Digital Forensics: Advanced

Certificate Eligibility: 
10 ARC, 1.5 CEU
2 days
Max Attendees: 
Tools and Services

Are you starting to receive disks as parts of collections or have you discovered disks in boxes of paper records? Caring for the records stored on removable storage media (e.g., floppy disks, hard drives, thumb drives, memory sticks, and CDs) requires archivists to extract whatever useful information resides on the medium while avoiding the accidental alteration of data or metadata. In this course, you’ll learn how to apply existing digital forensics methods and tools in order to recover, preserve, and ultimately provide access to born-digital records. We’ll explore the layers of hardware and software that allow bitstreams on digital media to be read as files, the roles and relationships of these layers, and tools and techniques for ensuring the completeness and evidential value of data. We’ll apply digital forensics tools and methods to test data in order to illustrate how and why they are used.


Note: This course includes exercises with open-source tools in the BitCurator environment. BitCurator is distributed both as a virtual machine and as an installable ISO image.

Students must be prepared to bring a laptop to the course with the following software already installed. (All software programs are free.) iPads and other tablet devices will NOT be able to perform the hands-on tasks, as these devices do not have adequate resources or allow the level of user control required to run the associated software.

Follow the appropriate downloads for your environment at:

On certain PC laptops, when you first run the BitCurator VM, you may encounter an error message indicating that VT-x is not enabled or that you need to update your BIOS. If this happens, you will need to reboot the machine, enter the BIOS (usuallly by holding down the "Del", "Esc", or "ThinkPad" key), and enable the Intel Virtualization extensions. If your BIOS is locked, you will need the assistance of your local admin.


For Windows 7/8 users:

  • Hex editing software: Cygnus Hex Editor
  • ISO mounting software: OSFMount
  • Forensic imaging software: FTK Imager (be sure to use the free program called FTK IMAGER and NOT the full commercial suite of tools called FTK (Forensic Toolkit)
  • Cryptographic hashing (MD5/SHA) software: FileVerifier++

For Macintosh users:

Learning Outcomes: 
Explain the roles and relationships between the main layers of technology required to read a string of bits off of a physical storage medium and treat it as a file
Identify various forms of data that may be "hidden" on the physical storage medium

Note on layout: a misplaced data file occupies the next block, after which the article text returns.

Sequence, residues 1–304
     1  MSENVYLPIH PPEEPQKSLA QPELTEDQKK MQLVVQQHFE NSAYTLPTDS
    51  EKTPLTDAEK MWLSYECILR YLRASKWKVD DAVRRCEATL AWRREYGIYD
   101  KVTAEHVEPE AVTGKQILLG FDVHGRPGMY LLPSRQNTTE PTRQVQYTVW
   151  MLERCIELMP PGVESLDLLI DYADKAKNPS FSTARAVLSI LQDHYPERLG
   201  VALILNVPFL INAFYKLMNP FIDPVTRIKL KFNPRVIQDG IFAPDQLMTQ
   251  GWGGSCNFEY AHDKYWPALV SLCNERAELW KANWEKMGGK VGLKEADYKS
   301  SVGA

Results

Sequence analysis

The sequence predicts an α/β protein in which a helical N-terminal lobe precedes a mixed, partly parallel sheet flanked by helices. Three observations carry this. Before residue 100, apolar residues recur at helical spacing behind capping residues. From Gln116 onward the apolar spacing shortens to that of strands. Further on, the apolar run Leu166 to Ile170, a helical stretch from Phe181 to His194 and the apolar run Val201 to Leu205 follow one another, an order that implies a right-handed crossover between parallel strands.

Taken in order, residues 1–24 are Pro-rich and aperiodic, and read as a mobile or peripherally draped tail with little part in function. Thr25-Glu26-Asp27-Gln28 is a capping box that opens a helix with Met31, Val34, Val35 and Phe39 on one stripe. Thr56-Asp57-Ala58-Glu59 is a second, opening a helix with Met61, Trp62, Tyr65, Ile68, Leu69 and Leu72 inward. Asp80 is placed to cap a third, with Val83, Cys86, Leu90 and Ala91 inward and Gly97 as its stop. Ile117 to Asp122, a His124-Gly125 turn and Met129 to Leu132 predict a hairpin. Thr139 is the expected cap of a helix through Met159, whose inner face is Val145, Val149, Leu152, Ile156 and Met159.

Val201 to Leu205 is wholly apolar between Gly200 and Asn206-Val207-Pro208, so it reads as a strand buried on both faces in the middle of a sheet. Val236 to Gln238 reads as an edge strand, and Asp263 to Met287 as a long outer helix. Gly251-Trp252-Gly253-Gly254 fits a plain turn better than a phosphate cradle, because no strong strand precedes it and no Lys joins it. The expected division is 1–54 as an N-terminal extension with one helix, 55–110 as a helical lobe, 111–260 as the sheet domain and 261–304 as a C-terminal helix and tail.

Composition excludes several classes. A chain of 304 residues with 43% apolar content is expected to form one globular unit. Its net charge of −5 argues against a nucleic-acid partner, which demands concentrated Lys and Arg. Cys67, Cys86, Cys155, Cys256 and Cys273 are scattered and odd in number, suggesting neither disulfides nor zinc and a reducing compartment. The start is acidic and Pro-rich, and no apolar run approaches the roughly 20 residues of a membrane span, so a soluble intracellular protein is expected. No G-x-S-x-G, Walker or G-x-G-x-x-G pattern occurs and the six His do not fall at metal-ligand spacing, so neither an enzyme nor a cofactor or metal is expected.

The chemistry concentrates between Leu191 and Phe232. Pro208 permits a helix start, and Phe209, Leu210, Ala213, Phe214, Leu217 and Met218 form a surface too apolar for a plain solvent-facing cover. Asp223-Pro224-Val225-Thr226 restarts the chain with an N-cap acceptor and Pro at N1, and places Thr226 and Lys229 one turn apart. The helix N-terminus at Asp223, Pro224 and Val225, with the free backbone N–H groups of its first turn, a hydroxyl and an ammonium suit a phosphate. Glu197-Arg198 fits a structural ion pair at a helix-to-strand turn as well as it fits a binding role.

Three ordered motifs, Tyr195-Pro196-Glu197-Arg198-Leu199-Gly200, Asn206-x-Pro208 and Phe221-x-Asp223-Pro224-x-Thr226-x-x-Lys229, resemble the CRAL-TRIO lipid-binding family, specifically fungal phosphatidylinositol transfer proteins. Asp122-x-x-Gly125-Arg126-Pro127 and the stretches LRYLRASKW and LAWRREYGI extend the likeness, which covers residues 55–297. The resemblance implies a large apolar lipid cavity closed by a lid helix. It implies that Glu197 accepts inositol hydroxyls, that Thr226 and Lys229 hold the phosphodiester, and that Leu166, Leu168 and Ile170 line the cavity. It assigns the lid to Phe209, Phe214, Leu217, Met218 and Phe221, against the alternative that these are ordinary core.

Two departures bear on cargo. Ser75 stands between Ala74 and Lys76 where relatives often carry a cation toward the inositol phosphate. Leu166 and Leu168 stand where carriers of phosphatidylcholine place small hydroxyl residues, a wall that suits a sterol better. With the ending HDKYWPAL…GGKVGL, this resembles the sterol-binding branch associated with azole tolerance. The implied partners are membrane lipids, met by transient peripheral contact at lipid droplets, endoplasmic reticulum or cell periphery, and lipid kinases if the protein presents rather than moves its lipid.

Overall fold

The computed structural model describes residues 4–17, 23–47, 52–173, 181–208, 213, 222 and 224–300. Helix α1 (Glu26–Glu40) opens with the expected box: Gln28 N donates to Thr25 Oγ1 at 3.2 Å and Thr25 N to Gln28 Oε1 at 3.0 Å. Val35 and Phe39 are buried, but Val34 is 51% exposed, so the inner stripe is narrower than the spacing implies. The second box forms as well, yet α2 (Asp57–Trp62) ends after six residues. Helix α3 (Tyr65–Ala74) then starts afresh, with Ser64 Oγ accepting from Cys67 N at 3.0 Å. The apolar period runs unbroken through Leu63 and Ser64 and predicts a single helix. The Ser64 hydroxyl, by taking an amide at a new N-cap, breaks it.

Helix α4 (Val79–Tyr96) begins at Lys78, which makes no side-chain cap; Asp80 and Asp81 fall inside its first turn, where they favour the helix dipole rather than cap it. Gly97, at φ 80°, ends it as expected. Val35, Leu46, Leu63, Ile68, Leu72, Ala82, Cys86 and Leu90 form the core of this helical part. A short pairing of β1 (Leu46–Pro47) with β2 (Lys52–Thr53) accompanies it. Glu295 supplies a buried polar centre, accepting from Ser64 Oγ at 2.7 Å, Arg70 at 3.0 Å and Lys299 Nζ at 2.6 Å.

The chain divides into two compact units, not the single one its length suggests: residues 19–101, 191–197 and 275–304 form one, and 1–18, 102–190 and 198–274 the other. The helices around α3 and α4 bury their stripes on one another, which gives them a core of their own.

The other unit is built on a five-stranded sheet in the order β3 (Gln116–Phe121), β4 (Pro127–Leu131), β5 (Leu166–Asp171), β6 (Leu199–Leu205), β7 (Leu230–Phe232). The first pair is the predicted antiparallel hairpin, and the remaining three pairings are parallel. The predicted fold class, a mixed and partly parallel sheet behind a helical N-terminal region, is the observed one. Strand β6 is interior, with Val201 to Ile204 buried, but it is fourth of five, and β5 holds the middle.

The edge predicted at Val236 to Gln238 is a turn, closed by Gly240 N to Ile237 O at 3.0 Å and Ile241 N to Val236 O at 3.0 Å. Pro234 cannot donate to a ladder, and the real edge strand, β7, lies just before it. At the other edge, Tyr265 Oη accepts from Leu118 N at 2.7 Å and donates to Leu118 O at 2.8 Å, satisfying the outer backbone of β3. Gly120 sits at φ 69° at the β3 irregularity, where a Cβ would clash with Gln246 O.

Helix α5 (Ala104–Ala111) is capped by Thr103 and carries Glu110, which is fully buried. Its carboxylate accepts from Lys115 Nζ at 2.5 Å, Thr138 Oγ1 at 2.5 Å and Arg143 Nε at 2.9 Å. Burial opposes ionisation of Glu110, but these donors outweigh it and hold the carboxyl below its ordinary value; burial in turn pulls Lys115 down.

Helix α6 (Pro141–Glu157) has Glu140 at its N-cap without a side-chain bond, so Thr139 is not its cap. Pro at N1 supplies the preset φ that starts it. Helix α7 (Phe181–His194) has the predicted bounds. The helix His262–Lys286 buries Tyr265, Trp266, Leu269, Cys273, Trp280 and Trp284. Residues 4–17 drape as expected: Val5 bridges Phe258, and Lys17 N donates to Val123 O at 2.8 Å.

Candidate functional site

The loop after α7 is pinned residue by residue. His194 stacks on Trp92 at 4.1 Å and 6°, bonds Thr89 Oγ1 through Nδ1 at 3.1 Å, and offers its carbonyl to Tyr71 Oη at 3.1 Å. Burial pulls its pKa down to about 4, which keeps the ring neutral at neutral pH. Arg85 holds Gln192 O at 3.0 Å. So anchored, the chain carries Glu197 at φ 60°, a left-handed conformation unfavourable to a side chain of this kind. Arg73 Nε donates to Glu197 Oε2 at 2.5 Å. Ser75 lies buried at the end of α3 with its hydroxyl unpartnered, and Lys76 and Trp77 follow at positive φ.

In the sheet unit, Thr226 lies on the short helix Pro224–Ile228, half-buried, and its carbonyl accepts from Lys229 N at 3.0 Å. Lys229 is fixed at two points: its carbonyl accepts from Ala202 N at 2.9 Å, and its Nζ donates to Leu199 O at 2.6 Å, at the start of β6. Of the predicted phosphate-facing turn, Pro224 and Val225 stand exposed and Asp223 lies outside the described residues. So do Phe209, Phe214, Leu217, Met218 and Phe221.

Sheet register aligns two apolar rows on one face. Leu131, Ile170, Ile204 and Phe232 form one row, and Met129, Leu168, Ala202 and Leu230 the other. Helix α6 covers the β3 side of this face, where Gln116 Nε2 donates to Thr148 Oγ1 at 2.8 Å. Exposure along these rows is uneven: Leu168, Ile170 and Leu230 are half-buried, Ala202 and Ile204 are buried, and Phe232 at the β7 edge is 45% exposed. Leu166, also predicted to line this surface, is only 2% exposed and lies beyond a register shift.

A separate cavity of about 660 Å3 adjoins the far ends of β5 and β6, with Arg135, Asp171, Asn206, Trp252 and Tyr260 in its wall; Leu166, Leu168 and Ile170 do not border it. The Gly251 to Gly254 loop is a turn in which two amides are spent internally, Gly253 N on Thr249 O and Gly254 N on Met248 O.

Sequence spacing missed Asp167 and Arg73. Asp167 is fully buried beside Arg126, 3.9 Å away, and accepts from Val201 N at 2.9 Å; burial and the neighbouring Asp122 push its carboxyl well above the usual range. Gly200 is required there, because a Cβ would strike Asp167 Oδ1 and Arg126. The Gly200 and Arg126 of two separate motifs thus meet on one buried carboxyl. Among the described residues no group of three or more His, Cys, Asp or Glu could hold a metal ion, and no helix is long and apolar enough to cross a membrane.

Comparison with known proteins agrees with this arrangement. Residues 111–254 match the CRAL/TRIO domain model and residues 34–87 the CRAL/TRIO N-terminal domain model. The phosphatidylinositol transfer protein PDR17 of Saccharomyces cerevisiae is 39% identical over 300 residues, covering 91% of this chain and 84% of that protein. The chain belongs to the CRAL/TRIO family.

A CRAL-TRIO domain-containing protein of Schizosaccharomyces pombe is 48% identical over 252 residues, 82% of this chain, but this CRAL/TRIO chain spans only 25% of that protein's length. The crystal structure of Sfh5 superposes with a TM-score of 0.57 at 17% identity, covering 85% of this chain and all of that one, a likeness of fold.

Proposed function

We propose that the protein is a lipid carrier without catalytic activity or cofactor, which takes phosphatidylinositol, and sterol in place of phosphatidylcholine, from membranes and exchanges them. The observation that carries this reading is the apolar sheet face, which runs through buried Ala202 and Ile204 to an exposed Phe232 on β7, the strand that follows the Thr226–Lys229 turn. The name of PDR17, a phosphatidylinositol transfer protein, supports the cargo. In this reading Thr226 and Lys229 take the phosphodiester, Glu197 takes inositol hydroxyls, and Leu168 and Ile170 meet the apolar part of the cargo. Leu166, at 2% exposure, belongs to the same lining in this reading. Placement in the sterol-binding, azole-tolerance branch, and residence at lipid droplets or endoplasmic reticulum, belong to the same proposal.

Use write blockers and create disk images in order to prevent accidental manipulation of volatile data
Identify and extract the data that a file system uses to manage files
Apply digital forensics tools and methods to collections of records
Identify and compare alternative strategies for providing public access to data from disk images
Who Should Attend: 

Archivists, manuscript curators, librarians, and others who are responsible for acquiring or transferring collections of digital materials, particularly those that are received on removable media

What You Should Already Know: 

Participants are expected to know basic archival practice and have intermediate knowledge of computers and digital records management.


This course builds on others in the Digital Archives Specialist (DAS) curriculum, including Basics of Managing Electronic RecordsElectronic Records—The Next Step, Thinking Digital, Accessioning and Ingest of Electronic Records, and Metadata Overview for Archivists.

DAS Core Competency: 
1. Explain the nature of digital records and their lifecycle.
3. Formulate strategies and tactics for appraising, acquiring, describing, managing, organizing, preserving, and delivering digital archives.
4. Incorporate technologies throughout the archival lifecycle.
6. Employ standards and best practices in the management of digital archives.
7. Design a defined set of services for designated community.
"Understanding the underlying structure of data and BitCurator's role in data triage and digital forensics was thorough and greatly informative. Seeing both the small and big picture helped a lot."
"The hands-on experience working with BitCurator was really very valuable. While learning the computer science behind the forensics is a necessary basis, I really take these courses to learn how this is applicable to MY daily job. Especially with someone like Cal Lee there to offer first-hand instruction with the software, this was easily one of the most beneficial DAS courses I've taken."
"The ethical discussions at the end of the course were excellent. It allowed us to sink our teeth into what we had learned and discuss real world application. It was very useful to be introduced to the variety of tools available for download and to learn how we might use them."
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